On Monday, May 18, during a Cabinet meeting at State House Entebbe, President Museveni held a sharp knife in his right hand and demonstrated how 1kg of cooked posho can be consumed.
“I asked the kitchen staff to prepare 1kg of the maize flour from the food being distributed by the Covid-19 relief team. The conclusion is that 250gs is optimal and 2.6kgs for 10 days is possible. You can survive for quite some time,” the President said.
It is unclear if this ration was meant for a family of four, six or more, but it was worrying to see the President weighing and dividing a kilogramme of food in a country considered to be not only the Pearl of Africa, but bread basket of the East African region.
Mr Museveni concluded that 1kg of posho can sustain a large family with several children.
If perhaps Uganda had experienced several years of drought and was emerging out of a period of starvation or famine, then it could be said that this was a plausible explanation.
But while Uganda, as the rest of the world indeed, continues to struggle under the impact of the Covid-19 pandemic, government is not shy to admit that we have no centralised emergency food reserve to cater for crises now, or for the foreseeable future.
In the same week that President Museveni demonstrated to families how to share a kilogramme of posho, it emerged that more than 300 members of the ruling National Resistance Movement (NRM) party had received Shs40 million from the national resource envelope.
According to media reports, the Shs40m was part of a “secret deal” which also includes a balance of Shs20m of the Shs200m previously promised as payment for their role in amending, supporting and removing the presidential age limit clause from the Constitution in 2017.
In Uganda, unfortunately priorities seem to be arranged to benefit a “selected few”. And yet there is no shortage of demonstration that daily survival during and after the Covid-19 lockdown is for the fittest.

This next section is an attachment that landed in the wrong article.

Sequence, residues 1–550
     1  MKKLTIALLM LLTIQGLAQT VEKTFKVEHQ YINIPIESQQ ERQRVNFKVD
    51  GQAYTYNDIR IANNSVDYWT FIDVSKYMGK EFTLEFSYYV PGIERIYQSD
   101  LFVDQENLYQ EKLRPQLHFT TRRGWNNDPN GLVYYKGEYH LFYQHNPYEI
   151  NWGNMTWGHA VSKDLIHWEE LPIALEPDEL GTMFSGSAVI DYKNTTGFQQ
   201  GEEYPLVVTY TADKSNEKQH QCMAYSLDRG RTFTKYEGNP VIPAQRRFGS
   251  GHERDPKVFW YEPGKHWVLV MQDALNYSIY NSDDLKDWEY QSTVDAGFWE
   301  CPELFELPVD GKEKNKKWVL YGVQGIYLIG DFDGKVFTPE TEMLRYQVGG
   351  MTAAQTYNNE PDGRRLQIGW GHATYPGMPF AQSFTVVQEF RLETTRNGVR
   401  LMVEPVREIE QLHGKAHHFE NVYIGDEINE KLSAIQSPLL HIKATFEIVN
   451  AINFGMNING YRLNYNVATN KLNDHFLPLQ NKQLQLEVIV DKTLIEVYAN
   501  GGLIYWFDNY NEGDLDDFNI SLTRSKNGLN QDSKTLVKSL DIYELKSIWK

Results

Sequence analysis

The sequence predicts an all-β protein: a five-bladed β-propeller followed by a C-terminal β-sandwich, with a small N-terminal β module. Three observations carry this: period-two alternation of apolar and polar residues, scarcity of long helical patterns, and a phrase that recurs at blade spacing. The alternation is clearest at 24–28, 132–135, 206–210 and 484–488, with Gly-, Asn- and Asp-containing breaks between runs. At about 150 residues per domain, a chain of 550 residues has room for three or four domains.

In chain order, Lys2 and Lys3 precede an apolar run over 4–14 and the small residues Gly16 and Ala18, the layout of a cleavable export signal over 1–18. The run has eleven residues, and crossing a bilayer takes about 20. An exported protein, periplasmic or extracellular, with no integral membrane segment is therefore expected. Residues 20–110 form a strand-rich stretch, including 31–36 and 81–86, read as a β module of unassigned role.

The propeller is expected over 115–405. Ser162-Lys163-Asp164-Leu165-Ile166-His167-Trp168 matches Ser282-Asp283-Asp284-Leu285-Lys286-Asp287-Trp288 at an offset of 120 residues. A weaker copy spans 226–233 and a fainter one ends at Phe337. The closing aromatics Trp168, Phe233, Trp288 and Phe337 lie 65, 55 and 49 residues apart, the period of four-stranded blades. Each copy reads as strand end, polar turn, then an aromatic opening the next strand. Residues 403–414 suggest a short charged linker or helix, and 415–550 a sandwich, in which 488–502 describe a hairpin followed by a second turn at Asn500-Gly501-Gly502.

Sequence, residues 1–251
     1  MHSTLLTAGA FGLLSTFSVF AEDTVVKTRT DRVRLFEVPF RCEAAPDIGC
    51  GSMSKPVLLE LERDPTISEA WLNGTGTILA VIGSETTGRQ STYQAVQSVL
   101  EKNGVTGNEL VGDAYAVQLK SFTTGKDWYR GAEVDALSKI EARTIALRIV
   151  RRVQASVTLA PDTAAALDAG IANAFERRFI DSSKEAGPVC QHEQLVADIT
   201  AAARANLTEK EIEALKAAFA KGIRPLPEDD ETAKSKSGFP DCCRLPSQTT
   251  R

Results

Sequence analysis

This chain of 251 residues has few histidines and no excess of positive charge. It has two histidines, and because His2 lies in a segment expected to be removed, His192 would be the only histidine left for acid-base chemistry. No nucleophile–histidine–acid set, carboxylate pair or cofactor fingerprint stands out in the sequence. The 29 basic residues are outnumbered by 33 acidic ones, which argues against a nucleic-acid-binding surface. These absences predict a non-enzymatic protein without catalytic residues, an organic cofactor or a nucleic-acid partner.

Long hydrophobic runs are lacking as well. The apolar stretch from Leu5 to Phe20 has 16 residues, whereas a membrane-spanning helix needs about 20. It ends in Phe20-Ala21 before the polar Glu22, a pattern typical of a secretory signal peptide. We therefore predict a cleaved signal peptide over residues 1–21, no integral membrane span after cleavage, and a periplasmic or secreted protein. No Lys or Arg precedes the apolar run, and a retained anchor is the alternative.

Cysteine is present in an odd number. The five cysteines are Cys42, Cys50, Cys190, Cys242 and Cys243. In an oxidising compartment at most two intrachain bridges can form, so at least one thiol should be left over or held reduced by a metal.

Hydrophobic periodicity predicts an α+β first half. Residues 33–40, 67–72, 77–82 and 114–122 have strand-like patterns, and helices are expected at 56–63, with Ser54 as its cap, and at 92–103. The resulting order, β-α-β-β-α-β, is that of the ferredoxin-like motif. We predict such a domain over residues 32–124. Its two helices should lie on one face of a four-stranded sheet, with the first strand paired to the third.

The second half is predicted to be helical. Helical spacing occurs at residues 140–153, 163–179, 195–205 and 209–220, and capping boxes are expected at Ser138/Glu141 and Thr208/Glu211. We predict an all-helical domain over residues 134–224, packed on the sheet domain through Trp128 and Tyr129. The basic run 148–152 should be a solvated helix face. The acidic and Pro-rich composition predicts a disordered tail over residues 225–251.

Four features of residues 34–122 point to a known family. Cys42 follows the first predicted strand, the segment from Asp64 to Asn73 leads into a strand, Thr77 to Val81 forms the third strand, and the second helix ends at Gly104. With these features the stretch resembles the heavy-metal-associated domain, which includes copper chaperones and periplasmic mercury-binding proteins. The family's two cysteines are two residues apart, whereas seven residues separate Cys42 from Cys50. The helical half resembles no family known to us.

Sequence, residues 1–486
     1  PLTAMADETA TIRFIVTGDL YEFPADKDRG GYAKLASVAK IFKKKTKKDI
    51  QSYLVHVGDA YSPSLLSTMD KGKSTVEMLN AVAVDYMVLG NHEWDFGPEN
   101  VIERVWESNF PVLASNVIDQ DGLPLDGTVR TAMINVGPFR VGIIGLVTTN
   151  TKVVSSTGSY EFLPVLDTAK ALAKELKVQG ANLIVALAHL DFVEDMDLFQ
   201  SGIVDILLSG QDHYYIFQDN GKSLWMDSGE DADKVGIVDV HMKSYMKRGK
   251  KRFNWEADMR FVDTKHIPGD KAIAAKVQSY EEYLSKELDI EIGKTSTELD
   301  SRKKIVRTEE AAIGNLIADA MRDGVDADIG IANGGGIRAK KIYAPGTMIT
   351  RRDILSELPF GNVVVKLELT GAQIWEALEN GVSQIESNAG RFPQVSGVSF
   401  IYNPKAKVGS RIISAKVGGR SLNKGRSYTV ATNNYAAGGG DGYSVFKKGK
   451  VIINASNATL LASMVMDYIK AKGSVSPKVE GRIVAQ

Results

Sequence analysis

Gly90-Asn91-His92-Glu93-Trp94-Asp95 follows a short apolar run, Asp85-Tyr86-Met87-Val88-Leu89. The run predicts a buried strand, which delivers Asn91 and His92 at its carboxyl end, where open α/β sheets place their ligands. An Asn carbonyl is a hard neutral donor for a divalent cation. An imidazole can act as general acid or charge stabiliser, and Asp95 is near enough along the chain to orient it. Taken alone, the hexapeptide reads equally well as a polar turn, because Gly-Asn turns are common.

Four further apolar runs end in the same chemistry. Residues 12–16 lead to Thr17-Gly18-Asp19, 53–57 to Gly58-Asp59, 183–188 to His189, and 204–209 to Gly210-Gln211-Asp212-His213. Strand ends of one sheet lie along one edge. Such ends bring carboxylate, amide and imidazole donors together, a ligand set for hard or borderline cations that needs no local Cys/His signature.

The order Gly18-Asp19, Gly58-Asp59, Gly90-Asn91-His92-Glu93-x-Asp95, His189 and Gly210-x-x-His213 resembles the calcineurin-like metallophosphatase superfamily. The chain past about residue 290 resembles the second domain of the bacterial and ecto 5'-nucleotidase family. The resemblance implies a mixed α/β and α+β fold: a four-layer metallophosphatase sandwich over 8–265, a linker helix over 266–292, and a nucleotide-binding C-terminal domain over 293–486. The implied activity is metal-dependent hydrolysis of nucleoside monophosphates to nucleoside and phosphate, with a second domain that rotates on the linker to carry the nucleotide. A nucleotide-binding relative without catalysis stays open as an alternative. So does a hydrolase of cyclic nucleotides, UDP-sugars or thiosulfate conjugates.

The public purse is constantly open and money taken out to cater for individual interests, while elsewhere other African nations seem to be taking a different approach.
The government of Ghana, for example, has chosen to focus and direct attention to catering for the poor and vulnerable.
President Nana Akufo-Addo recently announced that his administration plans to implement the following measures for the next three months in the country that as of Friday evening had 6,486 confirmed Covid-19 cases and 31 deaths.
First, government will pay people’s water bills for April, May and June. Second, water supply tankers will also be made available to provide water to vulnerable communities. Third, health workers treating Covid-19 patients will receive 50 per cent boost to their basic pay.
Therefore, the Shs40m secret payments being dished out to some while other members of society are being told to share 1kg of posho seems out of sync with what other countries are doing.
Although President Museveni agreed and gave instructions that his salary should be reduced, thereby giving 50 per cent of his Shs3.6m salary to the Covid-19 taskforce, the startling reality may be a case of giving with one hand and taking away with the other.
According to Nobel Prize winner José Saramago, “That’s life, what it gives with one hand one day, it takes away with the other.”
The rationing of 1kg of posho among families and yet some people are taking Shs40m of taxpayers’ money is unfair and unjustifiable.
Ms Victoria Nyeko is a media commentator.